From the outset, Woodside and its primary contractor on the Pluto site, Foster Wheeler Worley, received the unstinting backing of the Labor government. The FWA tribunal declared the strike “illegal” and issued a return-to-work order just one day after it erupted.
After workers defied the order, Industrial Relations Minister Gillard encouraged employers to take legal action against the strikers. She issued a statement warning that “the workers involved face steep penalties under Australia’s workplace relations laws.” Restating Labor’s stance, Gillard declared: “The taking of such action is completely unacceptable.”
The CCIWA immediately sought injunctions in the Federal Court against the strikers on the grounds that their action had been ruled illegal by the FWA tribunal. Its ruling is the underpinning of the current case against Pluto workers.
In response to complaints by employers that the legal processes to end the strike had been too slow, Gillard promised to take a tough line against “unlawful” strikes. She told the National Press Club on February 24: “People should expect to be punished; they should expect to feel the full force of the law; no apologies, no excuses, full stop.”
The CCIWA’s decision to proceed with legal action against the Pluto workers in the midst of the current election campaign is to send another message that the mining companies expect stronger measures from the next government in policing workers. Business leaders are far from happy that neither Labor nor the opposition Coalition headed by Liberal leader Tony Abbott have made further industrial relations “reform”—that is, even more repressive laws—an election issue.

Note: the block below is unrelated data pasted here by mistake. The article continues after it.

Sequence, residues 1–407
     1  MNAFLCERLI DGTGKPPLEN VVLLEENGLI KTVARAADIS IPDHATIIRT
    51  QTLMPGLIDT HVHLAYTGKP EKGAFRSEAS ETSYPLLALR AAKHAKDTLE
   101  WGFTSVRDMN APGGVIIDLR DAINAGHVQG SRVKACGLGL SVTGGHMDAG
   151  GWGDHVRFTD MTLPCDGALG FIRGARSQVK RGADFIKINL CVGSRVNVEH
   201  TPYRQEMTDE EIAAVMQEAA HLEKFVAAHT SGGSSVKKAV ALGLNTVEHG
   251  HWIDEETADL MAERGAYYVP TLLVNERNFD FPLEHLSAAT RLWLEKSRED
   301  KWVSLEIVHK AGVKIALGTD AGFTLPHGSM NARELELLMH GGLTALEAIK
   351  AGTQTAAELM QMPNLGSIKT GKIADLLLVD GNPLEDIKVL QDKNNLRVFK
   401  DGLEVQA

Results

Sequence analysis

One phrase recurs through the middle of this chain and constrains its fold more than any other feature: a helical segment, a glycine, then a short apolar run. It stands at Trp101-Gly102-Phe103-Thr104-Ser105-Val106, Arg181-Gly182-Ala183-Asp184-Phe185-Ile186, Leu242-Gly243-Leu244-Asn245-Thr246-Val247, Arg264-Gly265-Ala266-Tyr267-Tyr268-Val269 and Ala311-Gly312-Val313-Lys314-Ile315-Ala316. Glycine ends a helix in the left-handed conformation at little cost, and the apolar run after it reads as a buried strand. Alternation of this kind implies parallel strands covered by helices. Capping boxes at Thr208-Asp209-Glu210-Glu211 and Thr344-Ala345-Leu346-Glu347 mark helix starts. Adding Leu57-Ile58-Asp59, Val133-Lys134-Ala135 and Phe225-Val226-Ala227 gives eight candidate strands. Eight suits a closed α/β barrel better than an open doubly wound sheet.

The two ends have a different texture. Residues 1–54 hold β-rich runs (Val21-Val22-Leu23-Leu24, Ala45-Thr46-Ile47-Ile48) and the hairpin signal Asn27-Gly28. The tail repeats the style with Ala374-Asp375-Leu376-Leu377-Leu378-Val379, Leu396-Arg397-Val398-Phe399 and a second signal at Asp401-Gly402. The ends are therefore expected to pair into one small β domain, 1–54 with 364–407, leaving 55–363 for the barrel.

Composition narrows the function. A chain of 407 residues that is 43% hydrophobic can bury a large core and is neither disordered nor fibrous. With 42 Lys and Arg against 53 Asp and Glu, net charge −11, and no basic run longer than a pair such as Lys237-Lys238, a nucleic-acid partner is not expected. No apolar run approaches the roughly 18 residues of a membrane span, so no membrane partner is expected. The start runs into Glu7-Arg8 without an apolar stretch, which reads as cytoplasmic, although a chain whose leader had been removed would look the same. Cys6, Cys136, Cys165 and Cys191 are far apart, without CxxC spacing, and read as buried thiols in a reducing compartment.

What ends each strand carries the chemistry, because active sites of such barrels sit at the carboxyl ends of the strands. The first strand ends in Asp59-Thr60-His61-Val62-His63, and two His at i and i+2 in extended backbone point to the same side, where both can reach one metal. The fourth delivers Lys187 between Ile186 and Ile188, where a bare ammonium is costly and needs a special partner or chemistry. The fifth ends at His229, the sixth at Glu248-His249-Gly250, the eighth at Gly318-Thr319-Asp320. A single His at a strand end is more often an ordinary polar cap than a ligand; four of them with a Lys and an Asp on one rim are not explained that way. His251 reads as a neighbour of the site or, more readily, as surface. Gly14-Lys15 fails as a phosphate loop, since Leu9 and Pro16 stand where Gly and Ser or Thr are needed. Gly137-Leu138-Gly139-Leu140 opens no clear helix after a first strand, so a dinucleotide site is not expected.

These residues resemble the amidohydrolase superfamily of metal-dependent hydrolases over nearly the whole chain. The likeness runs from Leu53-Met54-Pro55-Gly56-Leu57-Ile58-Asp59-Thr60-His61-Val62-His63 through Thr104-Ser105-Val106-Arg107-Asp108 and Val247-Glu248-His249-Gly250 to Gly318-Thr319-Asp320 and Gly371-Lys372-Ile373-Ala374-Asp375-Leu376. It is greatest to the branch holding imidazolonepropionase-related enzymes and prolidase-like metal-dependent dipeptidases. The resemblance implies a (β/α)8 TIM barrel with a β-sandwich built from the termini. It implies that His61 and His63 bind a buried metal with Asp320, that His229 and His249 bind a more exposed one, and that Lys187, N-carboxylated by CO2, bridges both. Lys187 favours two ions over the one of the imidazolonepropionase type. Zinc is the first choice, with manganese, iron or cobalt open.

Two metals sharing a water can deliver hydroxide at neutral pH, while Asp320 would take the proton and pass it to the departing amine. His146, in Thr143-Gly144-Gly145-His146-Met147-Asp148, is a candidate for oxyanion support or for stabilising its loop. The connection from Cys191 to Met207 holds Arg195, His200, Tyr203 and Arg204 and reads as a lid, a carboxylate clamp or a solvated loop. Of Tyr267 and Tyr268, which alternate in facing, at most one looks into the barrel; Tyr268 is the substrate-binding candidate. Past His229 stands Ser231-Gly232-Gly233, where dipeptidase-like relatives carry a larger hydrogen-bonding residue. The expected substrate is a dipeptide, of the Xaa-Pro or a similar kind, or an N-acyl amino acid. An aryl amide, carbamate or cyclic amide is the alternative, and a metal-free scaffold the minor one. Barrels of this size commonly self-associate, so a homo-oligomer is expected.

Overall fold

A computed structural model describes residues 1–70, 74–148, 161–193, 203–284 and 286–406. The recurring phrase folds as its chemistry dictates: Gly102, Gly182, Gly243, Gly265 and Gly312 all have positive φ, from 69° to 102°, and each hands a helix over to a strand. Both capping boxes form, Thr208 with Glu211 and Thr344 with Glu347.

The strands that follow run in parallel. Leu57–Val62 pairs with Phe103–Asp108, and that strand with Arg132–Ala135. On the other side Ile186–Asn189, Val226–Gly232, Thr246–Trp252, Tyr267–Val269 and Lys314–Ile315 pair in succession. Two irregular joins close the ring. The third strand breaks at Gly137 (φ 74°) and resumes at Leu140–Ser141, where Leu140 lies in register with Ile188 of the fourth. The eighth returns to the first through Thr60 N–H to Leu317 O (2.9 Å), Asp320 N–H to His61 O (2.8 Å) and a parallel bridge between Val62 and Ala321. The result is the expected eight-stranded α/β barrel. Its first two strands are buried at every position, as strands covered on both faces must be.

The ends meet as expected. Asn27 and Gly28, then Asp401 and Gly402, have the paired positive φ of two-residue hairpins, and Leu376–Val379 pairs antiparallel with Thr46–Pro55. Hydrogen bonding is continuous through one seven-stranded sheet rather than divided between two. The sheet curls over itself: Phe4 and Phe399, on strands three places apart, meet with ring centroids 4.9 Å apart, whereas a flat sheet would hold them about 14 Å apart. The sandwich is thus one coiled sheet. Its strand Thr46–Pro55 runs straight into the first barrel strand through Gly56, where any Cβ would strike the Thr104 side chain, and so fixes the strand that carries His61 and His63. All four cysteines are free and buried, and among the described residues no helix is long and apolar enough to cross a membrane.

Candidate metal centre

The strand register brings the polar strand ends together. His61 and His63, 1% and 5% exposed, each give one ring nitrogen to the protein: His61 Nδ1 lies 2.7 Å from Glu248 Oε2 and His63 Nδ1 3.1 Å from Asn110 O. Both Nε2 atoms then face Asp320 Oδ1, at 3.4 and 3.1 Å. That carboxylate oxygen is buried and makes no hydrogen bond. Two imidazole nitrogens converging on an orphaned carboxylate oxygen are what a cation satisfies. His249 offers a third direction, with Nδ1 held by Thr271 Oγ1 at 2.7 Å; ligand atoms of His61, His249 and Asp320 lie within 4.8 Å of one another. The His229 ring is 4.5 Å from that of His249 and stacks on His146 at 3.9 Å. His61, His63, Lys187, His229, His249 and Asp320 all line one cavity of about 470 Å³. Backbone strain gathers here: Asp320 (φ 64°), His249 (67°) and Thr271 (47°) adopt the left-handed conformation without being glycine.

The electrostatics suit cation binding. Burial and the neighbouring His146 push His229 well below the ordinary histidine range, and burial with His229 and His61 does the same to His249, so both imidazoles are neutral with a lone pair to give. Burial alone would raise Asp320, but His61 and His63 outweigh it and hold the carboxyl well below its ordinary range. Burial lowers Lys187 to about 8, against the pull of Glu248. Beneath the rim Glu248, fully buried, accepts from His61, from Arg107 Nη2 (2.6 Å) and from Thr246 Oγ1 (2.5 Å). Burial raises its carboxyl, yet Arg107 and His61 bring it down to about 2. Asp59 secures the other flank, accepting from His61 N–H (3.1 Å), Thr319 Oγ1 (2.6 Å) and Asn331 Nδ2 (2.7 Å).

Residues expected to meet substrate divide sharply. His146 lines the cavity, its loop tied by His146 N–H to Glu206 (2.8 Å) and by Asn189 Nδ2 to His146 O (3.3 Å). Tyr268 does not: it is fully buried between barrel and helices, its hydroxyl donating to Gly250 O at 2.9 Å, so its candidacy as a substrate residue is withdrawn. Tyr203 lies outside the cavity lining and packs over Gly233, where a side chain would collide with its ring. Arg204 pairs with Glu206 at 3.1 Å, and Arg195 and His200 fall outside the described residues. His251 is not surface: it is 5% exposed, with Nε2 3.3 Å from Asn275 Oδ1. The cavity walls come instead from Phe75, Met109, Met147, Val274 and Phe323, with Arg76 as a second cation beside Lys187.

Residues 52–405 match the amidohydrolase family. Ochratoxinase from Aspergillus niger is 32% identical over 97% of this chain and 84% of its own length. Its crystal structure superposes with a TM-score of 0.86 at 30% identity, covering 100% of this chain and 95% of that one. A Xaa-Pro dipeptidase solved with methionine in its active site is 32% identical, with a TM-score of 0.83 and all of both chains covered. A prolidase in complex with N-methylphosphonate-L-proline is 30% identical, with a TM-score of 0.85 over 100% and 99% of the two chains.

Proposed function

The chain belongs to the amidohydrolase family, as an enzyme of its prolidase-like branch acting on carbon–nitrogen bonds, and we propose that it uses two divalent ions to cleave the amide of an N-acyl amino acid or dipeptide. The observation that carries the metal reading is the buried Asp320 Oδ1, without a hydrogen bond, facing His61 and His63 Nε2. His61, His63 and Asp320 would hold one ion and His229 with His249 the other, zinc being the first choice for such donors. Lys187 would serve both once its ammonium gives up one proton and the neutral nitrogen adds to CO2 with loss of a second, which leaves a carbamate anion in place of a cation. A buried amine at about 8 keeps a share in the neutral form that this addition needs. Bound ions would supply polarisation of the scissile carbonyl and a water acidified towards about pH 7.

Earlier this month, Australian Chamber of Commerce & Industry’s chief executive Peter Anderson told the media: “The failure by both Tony Abbott and Julia Gillard to contemplate necessary workplace reform is going to hold our economic development back.” He warned that employers “are disappointed that the government has not accepted that the implementation of its laws will require legislative change over the course of the next three years”.
Throughout the Pluto dispute, the trade unions—including the Construction Forestry Mining and Energy Union (CFMEU) and the Communications Electrical and Plumbing Union (CEPU)—have played a central role in policing workers. Far from challenging the FWA legislation, the unions backed its implementation and have used the laws to intimidate and discipline workers.